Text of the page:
The Incorrigible Idealist: Robert Dale Owen in America

The Incorrigible Idealist: Robert Dale Owen in America

The Incorrigible Idealist: Robert Dale Owen in America

The Incorrigible Idealist: Robert Dale Owen in America

Excerpt

If we cannot reconcile all opinions, let us endeavor to unite all hearts

A frontier community is greedy for many talents. It needs the logger and the herdsman, the rail splitter and the planter to coerce and cajole nature; it seeks still more assiduously the road builder, the journalist, the teacher and the lawmaker to fuse into a social band those vigorous individuals who have risked life on that rim of civilization we call the frontier. Robert Dale Owen's fifty years in Indiana (1826-1877) arched a span when such integrative talents could be most effectively used in constructive work; his learning and imagination were the tools which an eager humanitarianism, a Utilitarian energy and a painstaking experimentalism mobilized in the service of the new commonwealth. Those were active and stirring years, as he later accurately assessed them, lived in the great middle period of American history when men of ideas and courage found opportunity to shape a new and flexible culture not yet hardened by tradition.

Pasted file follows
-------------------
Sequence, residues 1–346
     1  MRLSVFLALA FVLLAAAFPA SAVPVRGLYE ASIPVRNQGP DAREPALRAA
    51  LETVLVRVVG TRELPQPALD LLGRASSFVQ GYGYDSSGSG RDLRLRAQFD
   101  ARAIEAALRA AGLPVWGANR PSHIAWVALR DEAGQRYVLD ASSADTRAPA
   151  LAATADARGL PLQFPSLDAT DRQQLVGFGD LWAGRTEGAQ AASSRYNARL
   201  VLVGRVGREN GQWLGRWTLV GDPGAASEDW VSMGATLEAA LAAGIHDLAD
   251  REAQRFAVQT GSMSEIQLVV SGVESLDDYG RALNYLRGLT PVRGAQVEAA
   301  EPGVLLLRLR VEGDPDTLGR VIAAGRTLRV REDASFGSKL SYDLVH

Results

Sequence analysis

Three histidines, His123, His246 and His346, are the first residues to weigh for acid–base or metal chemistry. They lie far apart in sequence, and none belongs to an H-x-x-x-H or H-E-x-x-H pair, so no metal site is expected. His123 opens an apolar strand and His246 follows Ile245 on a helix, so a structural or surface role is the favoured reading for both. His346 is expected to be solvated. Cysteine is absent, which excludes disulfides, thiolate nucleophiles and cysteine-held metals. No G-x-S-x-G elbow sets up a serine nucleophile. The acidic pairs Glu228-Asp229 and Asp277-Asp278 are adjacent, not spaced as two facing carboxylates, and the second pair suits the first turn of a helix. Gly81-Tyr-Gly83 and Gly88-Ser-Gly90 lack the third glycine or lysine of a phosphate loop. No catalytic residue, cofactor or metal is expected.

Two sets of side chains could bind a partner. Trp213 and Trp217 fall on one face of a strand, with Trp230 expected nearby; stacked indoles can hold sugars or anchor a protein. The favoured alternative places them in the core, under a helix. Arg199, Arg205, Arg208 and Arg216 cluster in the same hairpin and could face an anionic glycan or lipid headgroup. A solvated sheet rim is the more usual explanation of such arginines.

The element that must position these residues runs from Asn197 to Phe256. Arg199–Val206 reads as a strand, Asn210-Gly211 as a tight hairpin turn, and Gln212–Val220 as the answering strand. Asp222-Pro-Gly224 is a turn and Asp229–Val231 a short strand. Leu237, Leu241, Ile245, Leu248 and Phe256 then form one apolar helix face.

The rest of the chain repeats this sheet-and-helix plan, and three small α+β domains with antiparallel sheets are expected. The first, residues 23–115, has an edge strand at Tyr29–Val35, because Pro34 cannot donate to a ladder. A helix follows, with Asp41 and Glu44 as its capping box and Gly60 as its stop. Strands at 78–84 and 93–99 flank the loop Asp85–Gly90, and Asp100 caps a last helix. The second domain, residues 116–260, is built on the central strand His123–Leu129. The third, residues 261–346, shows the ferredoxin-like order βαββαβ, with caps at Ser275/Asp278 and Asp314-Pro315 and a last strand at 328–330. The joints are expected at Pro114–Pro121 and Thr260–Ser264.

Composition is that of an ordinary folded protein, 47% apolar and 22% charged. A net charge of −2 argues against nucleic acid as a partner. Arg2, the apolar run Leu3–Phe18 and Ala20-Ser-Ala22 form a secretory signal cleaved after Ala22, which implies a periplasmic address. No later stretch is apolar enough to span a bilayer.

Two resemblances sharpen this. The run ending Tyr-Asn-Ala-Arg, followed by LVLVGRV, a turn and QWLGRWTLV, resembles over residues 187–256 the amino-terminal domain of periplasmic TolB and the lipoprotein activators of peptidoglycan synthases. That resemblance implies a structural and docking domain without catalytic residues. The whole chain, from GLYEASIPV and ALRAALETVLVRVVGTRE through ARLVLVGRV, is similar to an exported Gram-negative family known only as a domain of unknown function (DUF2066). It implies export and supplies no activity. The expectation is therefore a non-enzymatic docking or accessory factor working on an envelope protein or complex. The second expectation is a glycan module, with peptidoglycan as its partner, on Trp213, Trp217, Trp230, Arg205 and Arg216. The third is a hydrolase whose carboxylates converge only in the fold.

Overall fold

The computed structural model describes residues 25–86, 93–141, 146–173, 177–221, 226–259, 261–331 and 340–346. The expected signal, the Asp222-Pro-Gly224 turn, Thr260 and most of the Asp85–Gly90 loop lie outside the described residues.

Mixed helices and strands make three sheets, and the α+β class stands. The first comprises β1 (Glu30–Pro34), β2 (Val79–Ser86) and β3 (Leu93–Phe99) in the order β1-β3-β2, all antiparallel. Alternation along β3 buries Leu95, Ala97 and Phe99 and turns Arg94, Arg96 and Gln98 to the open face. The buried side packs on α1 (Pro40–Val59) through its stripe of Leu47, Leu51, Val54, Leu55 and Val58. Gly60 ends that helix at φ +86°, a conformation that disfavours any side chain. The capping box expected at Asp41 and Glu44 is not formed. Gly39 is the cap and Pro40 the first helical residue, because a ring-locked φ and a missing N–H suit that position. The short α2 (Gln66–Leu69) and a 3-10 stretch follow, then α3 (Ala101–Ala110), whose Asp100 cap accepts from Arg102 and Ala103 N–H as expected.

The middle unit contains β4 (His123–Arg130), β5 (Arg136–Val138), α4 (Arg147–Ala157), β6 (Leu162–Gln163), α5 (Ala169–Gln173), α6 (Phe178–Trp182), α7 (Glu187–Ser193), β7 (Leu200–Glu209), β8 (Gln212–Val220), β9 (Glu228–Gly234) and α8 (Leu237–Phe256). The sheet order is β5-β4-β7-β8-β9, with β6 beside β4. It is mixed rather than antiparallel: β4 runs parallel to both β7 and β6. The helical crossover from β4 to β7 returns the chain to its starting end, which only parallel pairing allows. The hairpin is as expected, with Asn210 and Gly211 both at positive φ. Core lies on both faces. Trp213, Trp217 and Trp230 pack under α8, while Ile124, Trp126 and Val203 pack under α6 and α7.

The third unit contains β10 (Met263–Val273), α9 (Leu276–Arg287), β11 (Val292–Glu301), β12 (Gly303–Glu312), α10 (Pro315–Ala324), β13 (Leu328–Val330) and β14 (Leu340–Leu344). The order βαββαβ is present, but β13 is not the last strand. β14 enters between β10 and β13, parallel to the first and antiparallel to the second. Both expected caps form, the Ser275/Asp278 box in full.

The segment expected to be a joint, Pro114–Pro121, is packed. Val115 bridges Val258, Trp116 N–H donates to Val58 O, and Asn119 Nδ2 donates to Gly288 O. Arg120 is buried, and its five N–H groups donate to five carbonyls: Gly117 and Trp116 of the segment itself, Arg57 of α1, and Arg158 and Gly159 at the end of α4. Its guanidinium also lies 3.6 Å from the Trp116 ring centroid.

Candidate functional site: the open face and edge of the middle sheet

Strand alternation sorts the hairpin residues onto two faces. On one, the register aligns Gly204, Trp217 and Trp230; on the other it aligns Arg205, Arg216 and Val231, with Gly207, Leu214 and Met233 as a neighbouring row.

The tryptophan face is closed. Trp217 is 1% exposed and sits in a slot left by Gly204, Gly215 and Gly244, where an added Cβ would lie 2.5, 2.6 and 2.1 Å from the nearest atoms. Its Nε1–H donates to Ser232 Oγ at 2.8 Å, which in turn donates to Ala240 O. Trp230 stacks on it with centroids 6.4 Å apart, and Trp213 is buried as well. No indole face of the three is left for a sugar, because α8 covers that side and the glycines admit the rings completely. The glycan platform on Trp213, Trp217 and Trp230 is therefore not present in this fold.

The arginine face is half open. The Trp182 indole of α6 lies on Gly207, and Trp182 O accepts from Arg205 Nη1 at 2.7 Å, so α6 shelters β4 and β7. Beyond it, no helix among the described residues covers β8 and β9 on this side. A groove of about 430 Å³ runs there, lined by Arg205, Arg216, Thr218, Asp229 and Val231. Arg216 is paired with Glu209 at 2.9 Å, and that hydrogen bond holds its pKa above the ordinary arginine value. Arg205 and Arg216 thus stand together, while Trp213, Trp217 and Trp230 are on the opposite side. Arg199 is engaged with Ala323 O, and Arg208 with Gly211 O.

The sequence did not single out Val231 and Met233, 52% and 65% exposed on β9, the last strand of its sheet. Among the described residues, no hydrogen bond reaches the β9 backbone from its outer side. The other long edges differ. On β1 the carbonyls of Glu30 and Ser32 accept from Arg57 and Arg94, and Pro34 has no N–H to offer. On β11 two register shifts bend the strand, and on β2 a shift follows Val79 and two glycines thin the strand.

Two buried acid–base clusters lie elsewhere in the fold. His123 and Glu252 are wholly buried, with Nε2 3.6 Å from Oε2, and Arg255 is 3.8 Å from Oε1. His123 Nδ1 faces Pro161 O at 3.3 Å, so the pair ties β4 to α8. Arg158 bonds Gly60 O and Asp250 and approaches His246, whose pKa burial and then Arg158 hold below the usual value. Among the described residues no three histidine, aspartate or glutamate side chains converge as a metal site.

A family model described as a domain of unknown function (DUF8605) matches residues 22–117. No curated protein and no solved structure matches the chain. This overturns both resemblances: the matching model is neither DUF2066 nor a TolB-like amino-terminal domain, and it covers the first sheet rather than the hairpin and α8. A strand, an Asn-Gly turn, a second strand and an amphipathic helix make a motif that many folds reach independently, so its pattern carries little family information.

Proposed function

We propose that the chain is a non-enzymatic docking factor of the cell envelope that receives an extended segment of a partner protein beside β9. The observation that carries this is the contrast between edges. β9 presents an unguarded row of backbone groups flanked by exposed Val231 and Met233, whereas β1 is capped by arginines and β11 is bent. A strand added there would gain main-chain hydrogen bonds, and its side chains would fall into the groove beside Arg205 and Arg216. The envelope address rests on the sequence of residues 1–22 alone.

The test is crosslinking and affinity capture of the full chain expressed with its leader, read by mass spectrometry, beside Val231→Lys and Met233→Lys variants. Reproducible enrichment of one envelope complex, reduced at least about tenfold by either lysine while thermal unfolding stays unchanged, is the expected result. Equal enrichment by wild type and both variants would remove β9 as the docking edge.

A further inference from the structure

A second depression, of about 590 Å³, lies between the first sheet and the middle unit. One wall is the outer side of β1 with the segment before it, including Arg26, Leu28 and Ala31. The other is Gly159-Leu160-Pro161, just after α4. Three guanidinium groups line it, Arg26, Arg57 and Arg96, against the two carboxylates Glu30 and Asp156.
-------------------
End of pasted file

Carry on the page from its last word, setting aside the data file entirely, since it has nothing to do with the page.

Yet all this was in the future that January morning in 1826 when Robert Dale Owen swung from his horse in the village of New Harmony to take his part in one of the world's most interesting experiments. In this Indiana wilderness his father, Robert Owen, with the help of William Maclure, another wealthy Scotchman, was attempting to demonstrate in 1825-1828 the economic and moral advantages of communal working and living. The elder Owen's conviction that man is a product of his environment and that by education and cooperation he . . .

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